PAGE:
We have two newcomers running for county commissioner in Walker County who are vying for the Republican nomination. One is running against the incumbent and bringing solutions to the table on how to get the county back on a firm financial footing. The other is running against the leaders of the Party whose nomination he seeks.
For what it’s worth, I’ve stayed out of the whole commissioner race for personal reasons, but I’ve been watching it from the outside.
Mike Peardon has taken to both social and traditional media for the past few months to complain about an officer in the Walker County Republican Party is supporting his opponent in the primary. The complaint comes about from when Walker GOP 1st Vice Chairman John Carpenter delivering the sign to a friend.
Mr. Peardon saw the sign in the yard and Mr. Carpenter in the home when he arrived at the home to campaign. Mr. Carpenter said he was doing his friend a favor when he called and asked for a sign, but Mr. Peardon is accusing Mr. Carpenter and the Walker GOP of shenanigans. From the Chattanooga Times Free Press article:
Peardon says Philpott didn’t know who Whitfield was. He only had the sign because Carpenter convinced him to put it in the yard. Carpenter says that’s not true: Philpott, a 28-year veteran of the sheriff’s office who has since left the department, wanted the sign because he was already supporting Whitfield. He knew Carpenter was active with the local Republicans and asked him to bring the sign.
Philpott backed up Carpenter’s version of events, saying he wanted the sign because “I d—- sure don’t want Bebe Heiskell’s [expletive] in my yard.”
Said Carpenter: “I would have taken a Mike Peardon sign [to Philpott], or a Jeff Mullis sign, or a Tom Graves sign. I was just doing it as a friend.”
“If he wants to lie before God and everybody, he’ll have to do it. But I’m telling you what [Philpott] told me.
Mr. Peardon has complained on social media, primarily Facebook, for weeks about how he’s perceived the Party being unfair even though the Party hasn’t endorsed anyone nor any party officer has officially endorsed/blessed/whatever a particular candidate (which our rules forbid). He sought a rule change during the May Republican Party meeting, but the Party decided to affirm the rules and made no amendments. No doubt that he will use this in the final few hours of the primary.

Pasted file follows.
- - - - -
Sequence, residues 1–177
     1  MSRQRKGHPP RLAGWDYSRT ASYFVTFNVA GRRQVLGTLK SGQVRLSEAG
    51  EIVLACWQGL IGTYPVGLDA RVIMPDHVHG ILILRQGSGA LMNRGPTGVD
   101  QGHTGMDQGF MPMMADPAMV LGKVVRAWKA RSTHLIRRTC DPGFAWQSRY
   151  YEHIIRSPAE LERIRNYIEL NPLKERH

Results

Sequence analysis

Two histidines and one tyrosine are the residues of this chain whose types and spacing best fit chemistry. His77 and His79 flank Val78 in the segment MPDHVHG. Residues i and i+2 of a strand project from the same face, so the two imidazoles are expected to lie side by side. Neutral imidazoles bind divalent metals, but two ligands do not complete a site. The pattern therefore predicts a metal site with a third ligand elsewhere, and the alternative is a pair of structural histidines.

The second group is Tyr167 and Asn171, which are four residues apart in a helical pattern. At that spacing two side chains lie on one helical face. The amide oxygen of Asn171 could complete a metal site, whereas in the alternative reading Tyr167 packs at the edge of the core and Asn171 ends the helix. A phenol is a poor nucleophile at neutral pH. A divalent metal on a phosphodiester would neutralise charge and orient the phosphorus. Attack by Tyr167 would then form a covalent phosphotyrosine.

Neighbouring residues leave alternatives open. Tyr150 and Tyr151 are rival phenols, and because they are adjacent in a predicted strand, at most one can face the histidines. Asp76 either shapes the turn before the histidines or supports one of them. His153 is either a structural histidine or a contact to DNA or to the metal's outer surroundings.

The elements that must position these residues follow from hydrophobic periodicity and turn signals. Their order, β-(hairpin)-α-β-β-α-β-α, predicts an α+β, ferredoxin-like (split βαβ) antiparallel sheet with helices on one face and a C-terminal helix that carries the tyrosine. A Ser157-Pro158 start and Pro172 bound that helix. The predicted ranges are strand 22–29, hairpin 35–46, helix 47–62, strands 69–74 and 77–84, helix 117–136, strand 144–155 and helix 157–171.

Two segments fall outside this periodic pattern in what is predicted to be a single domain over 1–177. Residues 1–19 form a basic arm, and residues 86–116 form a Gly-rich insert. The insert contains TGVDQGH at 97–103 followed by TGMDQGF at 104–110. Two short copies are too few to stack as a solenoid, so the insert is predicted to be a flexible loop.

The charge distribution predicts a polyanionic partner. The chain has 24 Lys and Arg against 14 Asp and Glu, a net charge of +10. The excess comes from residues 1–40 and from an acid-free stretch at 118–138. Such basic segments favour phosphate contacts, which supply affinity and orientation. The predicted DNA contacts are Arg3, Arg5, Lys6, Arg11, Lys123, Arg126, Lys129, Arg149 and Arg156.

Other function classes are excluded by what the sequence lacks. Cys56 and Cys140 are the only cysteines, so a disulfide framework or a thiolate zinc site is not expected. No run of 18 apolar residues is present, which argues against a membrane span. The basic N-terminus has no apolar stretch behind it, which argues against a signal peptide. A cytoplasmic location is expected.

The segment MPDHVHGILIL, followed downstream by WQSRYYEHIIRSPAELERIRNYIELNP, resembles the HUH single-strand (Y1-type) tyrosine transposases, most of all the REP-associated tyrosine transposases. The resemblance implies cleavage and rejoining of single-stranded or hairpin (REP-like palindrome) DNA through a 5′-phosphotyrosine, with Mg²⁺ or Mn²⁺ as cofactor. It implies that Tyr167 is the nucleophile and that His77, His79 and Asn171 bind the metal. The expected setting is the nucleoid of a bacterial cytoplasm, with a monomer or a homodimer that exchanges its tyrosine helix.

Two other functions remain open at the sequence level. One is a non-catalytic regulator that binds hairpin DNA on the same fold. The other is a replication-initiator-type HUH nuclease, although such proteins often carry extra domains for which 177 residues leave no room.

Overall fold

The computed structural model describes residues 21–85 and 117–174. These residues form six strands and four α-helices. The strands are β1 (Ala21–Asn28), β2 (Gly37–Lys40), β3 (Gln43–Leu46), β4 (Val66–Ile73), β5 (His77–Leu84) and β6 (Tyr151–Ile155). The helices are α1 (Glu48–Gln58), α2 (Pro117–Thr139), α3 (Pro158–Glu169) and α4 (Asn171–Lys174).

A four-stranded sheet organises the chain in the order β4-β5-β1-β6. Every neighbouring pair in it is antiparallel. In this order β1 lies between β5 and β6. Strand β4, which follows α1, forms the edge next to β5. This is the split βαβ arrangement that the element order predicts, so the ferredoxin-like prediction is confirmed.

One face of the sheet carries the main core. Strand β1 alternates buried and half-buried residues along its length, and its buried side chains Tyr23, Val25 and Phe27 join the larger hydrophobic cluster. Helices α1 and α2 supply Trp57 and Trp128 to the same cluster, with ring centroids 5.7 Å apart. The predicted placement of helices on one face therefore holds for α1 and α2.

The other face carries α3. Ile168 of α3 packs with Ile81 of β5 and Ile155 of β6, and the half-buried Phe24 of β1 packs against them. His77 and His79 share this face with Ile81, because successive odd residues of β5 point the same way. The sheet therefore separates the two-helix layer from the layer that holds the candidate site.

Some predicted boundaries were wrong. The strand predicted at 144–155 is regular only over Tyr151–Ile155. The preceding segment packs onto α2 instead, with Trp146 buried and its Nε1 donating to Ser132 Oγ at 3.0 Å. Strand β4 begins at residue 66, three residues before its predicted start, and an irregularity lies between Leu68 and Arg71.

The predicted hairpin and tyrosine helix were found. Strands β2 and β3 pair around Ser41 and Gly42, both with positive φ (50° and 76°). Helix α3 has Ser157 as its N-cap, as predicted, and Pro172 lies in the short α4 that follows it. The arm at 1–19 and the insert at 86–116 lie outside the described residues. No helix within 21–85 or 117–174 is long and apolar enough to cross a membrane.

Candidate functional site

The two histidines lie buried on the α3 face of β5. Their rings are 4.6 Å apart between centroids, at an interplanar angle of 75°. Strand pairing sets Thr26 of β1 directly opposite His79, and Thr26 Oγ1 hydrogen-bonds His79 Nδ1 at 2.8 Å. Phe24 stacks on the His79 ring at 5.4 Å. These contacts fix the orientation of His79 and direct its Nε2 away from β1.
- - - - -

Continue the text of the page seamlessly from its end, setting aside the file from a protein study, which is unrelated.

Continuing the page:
If he is victorious on Tuesday, he’s going to have to work hard to rebuild those bridges that he burnt during the primary. It’s going to be a tough general election race with the Republican-turned-Independent commissioner in November. A constant complaint of how “it isn’t fair” how “The Establishment” is keeping you down may work for a primary, but it offers little in providing solutions on how promote and implement conservative policies. Our county can’t afford another 4 years of attempting county-operated businesses in order to balance the budget. We need our Republican candidates to focus on promoting their ideas vs. distracting voters with ill-informed opinions on how our Party rules work for political benefit.
Although, I do have to laugh at the irony. A number of folks who are officers of the Party are those who consider themselves, at least at one point, anti-establishment. Many are TEA Party folks. Now the tables have turned and they themselves are considered #TheEstablishment. I can empathize with them, and I hope those folks can appreciate the tough job that Party leaders have. I’ve been there 4 years ago and to an extent today as a district chairman. It’s a situation that I don’t envy, and I know my friend, Walker GOP Chairman Matt Williamson, is doing a good job to involve the community with this election and to grow the Party.
It seems, though, that making your own Party the enemy is the new campaign tactic. I believe it’s a self-defeating tactic because those who run and win with that strategy expect leadership to fall in line because “I won and you lost”. Like it or not, the Party structure has resources and tools to help candidates during a general election. Alienating leadership and volunteers who would help you is a poor strategy in my opinion.
Politics shouldn’t be a zero-sum game, but perhaps I’m too idealistic.